The Magazine

An Administration of One

From the December 1, 2003 issue: Bush has made it clear that the only exit strategy from Iraq is a victory strategy, with victory defined as "democracy."

Dec 1, 2003, Vol. 9, No. 12 • By ROBERT KAGAN and WILLIAM KRISTOL
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What has also become clear this past week is that Bush is determined to promote democracy in Iraq--and right now. This is a significant step forward. Up until recently, senior Bush officials have tended to avoid using the word "democracy" to describe the goals of American policy. In the Pentagon and elsewhere it has been thought that this sets the bar too high and implies a lengthy American commitment to Iraq, a commitment of money, energy, and troops. The most urgent task, as Donald Rumsfeld and General John Abizaid have been inclined to see it, has been to bring the levels of U.S. forces in Iraq down and turn over the task of security to the Iraqis as quickly as possible. Others in the administration have adopted the familiar argument that the Iraqi people are not yet ready for democracy and have tried to push any real elections as far into the future as possible.

President Bush this week slammed the door on this kind of thinking. First, he set the bar for success high: democracy. The new plan for a handover of sovereignty to the Iraqis calls for regional caucuses to elect a transitional legislature by next May, with general elections planned for the end of 2005. We would prefer to see the elections moved up, but even under the current schedule Iraqis will have a chance to begin participating in democratic politics almost immediately. That is a giant step toward the goal and the commitment that Bush articulated this past week: The United States "will meet our responsibilities in Afghanistan and Iraq by finishing the work of democracy we have begun."

So much for exit strategies. Bush has made it clear that the only exit strategy from Iraq is a victory strategy, with victory defined as "democracy." "We did not charge hundreds of miles into the heart of Iraq and pay a bitter cost of casualties and liberate 25 million people only to retreat before a band of thugs and assassins. We will help the Iraqi people establish a peaceful and democratic country in the heart of the Middle East." That commitment may turn out to be the most important of Bush's presidency, perhaps the most important of the post-Cold War era.

The second significant point Bush made in London was about troop levels in Iraq. In response to a question about beginning to bring home troops from Iraq next year, the president could not have been clearer. The United States will provide the troops necessary in Iraq. "We could have less troops in Iraq, we could have the same number of troops in Iraq, we could have more troops in Iraq, whatever is necessary to secure Iraq." Unfortunately, Bush's senior advisers treated his remark as if it were a gaffe and immediately began backgrounding reporters that there was no chance of a troop increase next year. That was an appalling error, signifying just how little the president's own advisers understand what's at stake in Iraq.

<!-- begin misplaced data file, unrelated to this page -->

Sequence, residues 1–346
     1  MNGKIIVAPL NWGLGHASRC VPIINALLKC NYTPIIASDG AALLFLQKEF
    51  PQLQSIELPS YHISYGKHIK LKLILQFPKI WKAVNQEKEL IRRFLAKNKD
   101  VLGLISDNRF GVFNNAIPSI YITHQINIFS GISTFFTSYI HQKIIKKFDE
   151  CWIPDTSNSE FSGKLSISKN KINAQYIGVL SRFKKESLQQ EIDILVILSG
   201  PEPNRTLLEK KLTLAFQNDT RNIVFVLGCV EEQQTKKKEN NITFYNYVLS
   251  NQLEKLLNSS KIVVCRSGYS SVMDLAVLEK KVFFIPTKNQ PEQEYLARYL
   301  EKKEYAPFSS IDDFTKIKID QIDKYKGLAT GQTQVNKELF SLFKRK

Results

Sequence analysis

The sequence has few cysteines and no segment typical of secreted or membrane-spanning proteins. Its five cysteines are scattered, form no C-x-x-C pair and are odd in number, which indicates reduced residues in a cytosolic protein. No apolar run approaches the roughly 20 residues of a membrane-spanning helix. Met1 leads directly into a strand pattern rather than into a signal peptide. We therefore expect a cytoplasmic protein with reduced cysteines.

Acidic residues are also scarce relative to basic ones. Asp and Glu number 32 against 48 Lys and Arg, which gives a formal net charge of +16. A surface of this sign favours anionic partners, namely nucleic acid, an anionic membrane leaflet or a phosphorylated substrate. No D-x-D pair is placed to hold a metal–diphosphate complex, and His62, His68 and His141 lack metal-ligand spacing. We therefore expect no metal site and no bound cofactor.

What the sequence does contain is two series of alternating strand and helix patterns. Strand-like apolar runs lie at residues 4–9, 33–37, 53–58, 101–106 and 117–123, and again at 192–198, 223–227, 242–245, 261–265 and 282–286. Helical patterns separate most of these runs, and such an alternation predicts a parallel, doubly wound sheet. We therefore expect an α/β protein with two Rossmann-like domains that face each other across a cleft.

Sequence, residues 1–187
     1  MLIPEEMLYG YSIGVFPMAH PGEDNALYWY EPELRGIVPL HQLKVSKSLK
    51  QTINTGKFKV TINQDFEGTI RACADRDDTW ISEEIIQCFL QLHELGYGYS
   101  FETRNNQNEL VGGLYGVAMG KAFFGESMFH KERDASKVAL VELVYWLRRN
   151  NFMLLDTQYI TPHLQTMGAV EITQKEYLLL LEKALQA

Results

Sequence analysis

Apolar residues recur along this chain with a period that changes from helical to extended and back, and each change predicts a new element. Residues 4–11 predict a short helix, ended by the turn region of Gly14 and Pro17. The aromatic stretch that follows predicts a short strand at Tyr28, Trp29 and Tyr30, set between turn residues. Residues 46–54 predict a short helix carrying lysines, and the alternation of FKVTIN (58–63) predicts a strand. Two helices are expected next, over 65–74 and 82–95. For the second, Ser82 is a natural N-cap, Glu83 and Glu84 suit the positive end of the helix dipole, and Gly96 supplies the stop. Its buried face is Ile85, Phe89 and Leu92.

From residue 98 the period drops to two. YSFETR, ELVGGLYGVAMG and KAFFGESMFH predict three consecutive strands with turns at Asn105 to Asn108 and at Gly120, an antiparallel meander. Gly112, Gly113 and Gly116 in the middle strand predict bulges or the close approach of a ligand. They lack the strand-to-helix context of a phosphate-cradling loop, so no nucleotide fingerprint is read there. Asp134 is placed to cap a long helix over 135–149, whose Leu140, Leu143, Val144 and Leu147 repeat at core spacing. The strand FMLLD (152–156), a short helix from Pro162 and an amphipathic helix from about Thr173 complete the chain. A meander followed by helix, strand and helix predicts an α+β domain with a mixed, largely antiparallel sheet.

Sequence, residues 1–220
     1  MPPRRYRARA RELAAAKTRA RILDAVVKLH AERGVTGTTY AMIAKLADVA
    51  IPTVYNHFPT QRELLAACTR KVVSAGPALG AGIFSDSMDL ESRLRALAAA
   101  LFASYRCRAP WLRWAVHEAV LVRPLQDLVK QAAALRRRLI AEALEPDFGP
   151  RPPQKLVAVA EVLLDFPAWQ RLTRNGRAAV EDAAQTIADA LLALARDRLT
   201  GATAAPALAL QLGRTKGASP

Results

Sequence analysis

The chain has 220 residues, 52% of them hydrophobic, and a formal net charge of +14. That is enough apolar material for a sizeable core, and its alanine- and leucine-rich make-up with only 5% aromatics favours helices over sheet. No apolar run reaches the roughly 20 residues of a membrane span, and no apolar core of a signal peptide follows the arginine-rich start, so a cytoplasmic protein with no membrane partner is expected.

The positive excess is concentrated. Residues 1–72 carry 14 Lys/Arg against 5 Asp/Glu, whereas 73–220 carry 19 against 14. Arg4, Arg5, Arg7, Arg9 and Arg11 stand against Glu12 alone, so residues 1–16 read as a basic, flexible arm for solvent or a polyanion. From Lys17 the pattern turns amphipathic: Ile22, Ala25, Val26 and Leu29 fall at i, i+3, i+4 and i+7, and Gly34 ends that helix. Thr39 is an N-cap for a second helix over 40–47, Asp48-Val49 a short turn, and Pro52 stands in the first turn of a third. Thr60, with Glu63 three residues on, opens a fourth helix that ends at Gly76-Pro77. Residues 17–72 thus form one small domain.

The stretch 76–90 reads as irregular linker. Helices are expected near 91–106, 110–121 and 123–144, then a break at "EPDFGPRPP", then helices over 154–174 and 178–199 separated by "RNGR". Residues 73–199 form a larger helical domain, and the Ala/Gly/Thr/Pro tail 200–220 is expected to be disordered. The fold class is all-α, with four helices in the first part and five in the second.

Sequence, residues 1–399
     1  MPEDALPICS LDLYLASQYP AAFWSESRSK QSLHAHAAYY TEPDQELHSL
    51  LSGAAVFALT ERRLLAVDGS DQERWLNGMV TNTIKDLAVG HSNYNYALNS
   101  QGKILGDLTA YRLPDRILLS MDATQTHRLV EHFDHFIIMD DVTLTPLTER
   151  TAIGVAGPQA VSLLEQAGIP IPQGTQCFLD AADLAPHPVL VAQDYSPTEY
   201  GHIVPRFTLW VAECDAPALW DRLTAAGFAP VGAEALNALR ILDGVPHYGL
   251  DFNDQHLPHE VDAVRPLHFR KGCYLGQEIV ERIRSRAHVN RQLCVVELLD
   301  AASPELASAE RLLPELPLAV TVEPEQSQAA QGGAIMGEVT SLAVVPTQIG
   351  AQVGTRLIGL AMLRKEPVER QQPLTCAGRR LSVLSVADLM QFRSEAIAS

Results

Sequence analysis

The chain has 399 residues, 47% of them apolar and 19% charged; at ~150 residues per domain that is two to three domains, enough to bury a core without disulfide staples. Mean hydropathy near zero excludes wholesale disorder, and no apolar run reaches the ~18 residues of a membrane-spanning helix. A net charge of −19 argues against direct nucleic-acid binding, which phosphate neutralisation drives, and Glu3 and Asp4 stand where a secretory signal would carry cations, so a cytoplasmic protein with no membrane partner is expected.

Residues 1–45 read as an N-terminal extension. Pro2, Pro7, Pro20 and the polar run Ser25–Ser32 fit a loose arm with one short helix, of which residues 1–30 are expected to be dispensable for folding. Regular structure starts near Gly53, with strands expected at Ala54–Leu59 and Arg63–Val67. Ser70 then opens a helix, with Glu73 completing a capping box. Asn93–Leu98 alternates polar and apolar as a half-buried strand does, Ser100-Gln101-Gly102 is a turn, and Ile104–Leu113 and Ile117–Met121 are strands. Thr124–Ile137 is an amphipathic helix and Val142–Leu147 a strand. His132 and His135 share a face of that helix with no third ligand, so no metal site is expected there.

The president, we are happy to say, does understand. "The failure of democracy in Iraq," he said this week, "would throw its people back into misery and turn that country over to terrorists who wish to destroy us." Failure in Iraq is unacceptable. Al Qaeda and international terrorists "view the rise of democracy in Iraq as a powerful threat to their ambitions. In this, they are correct. They believe their acts of terror against our coalition, against international aid workers and against innocent Iraqis will make us recoil and retreat. In this, they are mistaken." Progress toward democracy is imperative. If that means more American troops are needed, then the administration should not--and we are now confident will not--flinch from putting in more troops, even in an election year.

The president made great progress this week explaining his vision and strategy to the world. He has placed himself at the level of Reagan and Truman, both of whom were also treated with derision by their opponents. Bush's great task now will be to explain his strategy to his own cabinet and commanders and insist that they begin implementing it.

--Robert Kagan and William Kristol